Fort Worth — In the beginning, there was B.J. (Cleveland, that is.)
And a TV show for kids.
And yes, it does feel like our “beloved local theater luminary” has been around for Eternity.
So, sure—why not let B.J. be God? Or at least His earthly body, borrowed for the run of playwright David Javerbaum’s zingy divine comedy An Act of God at Stage West. Who knew white satin and gold lamé were Cleveland colors? He looks great.
Director Harry Parker wisely lets the quips fall where they may in this loosey-goosey, God-tells-all regional premiere from the multi-talented Javerbaum (The Onion, The Daily Show with Jon Stewart, John Waters’ Cry-Baby musical, and his very popular @TheTweetOfGod). When B.J.’s on a roll, there’s no stopping him anyway.
But as we’re laughing—and turning our eyes toward heaven at the adult-level jokes, puns and tweaked-to-hell Bible verses—we begin to notice that All is not right. The Lord our God may be All-Powerful and All-Knowing…but right now, He is not All-Happy.
What’s the problem? We are.
“Amen,” God says, is His favorite word. It means we’ve stopped praying, asking, begging, wanting—every second of every day, by the billions. God loves us, but He’d like us to back off a bit.
With two “wingmen” at his side—Doug Fowler as the smooth, uber-efficient Archangel Gabriel and Parker Gray as the wound-up, questioning young Archangel Michael, both sleek in Michael Robinson’s white suits and wings—God is about to shake things up. How? With a brand-new 10-pack of Commandments, ones He hopes might make us humans grow up…and have a little faith in ourselves.
It wouldn’t be right to give away the heaven-sent Big Ten List. The new rules work both on a comic and a serious level, and they’re certainly a change. And with each new commandment, God digresses, chattily telling stories and cracking wise about the Old Days: “Am I my brother’s keeper?” First sarcasm. …The Ark? Noah only took puppies. …Florida? Yes, He always knew it looked like a penis—even before Adam.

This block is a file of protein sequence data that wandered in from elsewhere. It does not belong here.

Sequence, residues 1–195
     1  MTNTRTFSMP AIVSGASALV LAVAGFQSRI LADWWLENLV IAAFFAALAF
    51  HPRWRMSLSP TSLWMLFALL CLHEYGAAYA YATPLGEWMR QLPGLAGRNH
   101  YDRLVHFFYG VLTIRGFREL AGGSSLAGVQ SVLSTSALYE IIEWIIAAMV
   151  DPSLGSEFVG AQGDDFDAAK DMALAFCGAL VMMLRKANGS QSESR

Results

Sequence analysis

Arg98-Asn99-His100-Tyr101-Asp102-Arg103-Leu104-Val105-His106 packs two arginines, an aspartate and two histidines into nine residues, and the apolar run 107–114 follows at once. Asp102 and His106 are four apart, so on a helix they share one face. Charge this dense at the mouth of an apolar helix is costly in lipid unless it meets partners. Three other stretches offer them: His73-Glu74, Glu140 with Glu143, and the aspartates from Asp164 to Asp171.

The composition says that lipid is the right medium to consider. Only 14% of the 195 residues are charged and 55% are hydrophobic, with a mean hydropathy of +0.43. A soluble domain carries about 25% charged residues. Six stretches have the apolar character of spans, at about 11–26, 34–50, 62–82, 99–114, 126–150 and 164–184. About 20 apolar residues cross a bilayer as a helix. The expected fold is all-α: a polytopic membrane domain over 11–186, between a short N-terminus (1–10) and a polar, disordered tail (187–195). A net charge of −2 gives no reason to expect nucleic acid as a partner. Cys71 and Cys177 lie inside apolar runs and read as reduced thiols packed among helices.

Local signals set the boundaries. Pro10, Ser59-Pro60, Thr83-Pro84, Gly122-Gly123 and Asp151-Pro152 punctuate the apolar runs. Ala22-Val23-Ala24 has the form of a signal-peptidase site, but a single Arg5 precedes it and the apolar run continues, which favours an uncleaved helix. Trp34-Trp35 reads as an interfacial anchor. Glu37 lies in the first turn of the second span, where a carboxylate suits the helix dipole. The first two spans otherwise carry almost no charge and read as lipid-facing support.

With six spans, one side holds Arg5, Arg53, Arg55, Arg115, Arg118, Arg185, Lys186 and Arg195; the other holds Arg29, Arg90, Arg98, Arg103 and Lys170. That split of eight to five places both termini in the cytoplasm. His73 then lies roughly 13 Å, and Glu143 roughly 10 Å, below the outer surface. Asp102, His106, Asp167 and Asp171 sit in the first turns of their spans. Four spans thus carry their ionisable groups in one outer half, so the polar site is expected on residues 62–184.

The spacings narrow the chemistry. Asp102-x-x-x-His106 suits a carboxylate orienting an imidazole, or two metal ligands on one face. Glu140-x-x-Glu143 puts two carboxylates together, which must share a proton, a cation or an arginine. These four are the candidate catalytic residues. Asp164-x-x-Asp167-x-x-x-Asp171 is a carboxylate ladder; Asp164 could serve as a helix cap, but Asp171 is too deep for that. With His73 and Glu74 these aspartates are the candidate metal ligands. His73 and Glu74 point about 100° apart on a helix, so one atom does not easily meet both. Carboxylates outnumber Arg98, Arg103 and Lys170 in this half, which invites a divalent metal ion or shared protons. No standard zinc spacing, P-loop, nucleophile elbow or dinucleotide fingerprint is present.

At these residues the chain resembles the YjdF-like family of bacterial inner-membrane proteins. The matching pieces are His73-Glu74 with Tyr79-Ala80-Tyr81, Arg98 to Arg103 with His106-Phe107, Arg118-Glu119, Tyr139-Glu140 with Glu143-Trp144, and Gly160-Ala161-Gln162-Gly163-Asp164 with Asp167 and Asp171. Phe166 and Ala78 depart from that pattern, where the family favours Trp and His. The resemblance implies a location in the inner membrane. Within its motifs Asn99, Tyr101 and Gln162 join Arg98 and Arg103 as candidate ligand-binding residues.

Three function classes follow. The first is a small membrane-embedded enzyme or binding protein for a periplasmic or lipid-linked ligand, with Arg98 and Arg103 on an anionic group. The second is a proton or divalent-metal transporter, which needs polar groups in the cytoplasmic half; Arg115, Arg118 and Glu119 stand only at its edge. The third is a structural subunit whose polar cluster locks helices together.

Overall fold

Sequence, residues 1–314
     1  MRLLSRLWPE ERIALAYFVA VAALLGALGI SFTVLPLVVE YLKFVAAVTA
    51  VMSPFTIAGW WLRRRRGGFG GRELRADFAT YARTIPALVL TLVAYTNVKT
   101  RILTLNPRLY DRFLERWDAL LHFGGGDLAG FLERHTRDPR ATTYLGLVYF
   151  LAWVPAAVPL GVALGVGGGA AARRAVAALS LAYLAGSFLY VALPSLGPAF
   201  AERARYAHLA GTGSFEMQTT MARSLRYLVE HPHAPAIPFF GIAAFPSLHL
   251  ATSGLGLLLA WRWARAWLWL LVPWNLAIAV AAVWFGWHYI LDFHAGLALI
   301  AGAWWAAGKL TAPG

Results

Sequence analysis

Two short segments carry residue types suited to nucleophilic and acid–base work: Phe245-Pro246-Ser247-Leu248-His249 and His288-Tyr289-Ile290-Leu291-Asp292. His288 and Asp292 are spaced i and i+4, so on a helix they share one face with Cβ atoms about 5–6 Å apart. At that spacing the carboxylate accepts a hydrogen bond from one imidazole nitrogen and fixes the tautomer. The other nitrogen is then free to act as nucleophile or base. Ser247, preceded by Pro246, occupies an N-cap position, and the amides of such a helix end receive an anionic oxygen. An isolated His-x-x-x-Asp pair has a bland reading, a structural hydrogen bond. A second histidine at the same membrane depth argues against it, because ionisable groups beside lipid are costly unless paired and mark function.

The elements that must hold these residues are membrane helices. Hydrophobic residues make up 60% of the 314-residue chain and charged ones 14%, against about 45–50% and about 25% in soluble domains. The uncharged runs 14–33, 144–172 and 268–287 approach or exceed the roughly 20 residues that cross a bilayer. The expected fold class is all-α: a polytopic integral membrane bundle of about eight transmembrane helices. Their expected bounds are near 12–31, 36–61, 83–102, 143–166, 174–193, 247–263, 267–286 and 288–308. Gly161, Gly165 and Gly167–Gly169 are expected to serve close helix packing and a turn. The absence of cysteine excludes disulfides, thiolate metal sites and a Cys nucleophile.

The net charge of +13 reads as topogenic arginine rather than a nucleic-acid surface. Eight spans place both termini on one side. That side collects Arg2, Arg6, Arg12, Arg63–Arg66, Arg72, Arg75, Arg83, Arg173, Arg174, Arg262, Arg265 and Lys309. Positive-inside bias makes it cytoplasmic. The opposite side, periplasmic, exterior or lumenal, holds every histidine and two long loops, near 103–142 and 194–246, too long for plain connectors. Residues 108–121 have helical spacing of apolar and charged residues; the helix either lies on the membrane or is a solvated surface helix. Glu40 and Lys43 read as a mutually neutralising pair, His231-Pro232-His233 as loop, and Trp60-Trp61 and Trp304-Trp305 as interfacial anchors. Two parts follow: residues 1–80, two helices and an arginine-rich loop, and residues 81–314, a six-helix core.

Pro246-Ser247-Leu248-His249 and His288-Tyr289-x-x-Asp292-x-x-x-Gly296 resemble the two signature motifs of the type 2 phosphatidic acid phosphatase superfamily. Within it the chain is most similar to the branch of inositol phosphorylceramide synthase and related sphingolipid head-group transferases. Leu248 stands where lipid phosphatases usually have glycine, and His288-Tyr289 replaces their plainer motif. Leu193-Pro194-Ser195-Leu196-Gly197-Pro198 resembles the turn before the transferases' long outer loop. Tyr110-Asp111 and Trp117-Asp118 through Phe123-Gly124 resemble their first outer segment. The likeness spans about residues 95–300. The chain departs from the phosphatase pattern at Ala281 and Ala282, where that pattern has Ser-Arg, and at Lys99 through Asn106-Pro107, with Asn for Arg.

God never really answers Michael’s insistent questions (he pretends they’re from the audience, but we know better) about suffering and evil; He just keeps on joking. “Why do bad things happen to good people? To even out the good things that happen to bad people, duh.”
Cleveland lounges like an A-list celebrity, smiles like a pol, and leans in like a talk-show host with something to confess. His performance is as hammy as a Baptist buffet—and tons of fun. And though He admits to “wrath management” issues, this God seems to like His humans even when He’s feeling low—and strangely imperfect.
Kevin Brown’s glowing set design—from marbled floors and columns to snowy sofa and fluffy hanging clouds—is the perfect Pearly Gates backdrop for God’s musings. N. Ryan McBride’s sudden bursts of sound generate an impressive level of dazzle and awe. God loves that stuff, He tells us.
An Act of God is a showcase for Javerbaum’s clever brain, Cleveland’s comic timing, and director Parker’s light-hearted feel for good comedy. It’s an old-school style of humor: you’ll be hearing ba-da-BINGs in your head, if not onstage.
Is it OK to laugh at the Lord?
We’re about to find out.